The British Colonial Rule in India- Can reparations truly heal the wounds of India’s past?

British Colonial rule in India

A million dead, 13 million Indians displaced from their homes, property worth billions destroyed, carelessly drawn maps dividing a great nation, and worse still, the cultural fabric of the Subcontinent violated forever with communal hatred, spewed like venom across this ravaged land. This was the legacy that the British Colonial rule left our country with after 200 years.

India or Bharatvarsha was undoubtedly the JEWEL in Britain’s crown both literally and symbolically.

When the British first set foot in our country, it was a wealthy, thriving society with ample commercial interests, which made it a prospective for the East India Company. Pre colonial India was known to export high quality manufactured goods which were sought after by the creme da la creme of British society. Indian silks, fine looms, precious stones, exquisite jewellery, ceramics, porcelains, pottery, linens, spices, and much of the grandeur were considered prized possessions to have. As a several thousand year old civilisation, our country had world class universities and learning centers, rich musical and cultural heritage, pioneering inventions, great architecture, engineering works, ship building, commerce and trade by land and sea to all known civilisations, bankers and financiers, industry and last but not the least prosperity. Statistics show that 27% of the world’s GDP belonged to India when the British arrived. Indicators of a modern day successful country.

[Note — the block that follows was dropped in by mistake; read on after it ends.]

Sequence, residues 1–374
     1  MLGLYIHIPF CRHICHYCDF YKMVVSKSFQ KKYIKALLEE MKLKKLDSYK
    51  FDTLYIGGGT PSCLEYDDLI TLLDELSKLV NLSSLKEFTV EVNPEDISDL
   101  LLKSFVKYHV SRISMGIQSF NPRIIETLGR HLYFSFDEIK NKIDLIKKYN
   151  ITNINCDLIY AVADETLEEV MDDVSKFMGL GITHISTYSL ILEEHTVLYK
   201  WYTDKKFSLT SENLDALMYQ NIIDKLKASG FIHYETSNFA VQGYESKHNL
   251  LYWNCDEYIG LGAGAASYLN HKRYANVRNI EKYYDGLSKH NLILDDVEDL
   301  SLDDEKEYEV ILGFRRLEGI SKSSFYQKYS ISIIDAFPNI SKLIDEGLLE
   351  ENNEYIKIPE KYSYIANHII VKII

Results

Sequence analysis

Unsurprisingly, The East India Company was set up in Bombay, Madras and Calcutta, three of India’s  thriving cities, on the premise of conducting business. With what appeared to be trade with another country, it was not long before the British tactfully established themselves as administrators after the Battle of Plassey. The crumbling Mughal empire around 1707 made it easier for the likes of Robert Clive to pose victory against the very people that made the British feel welcome as traders. 

Slowly but surely, the British consolidated their dominion through the policy of Divide and Rule.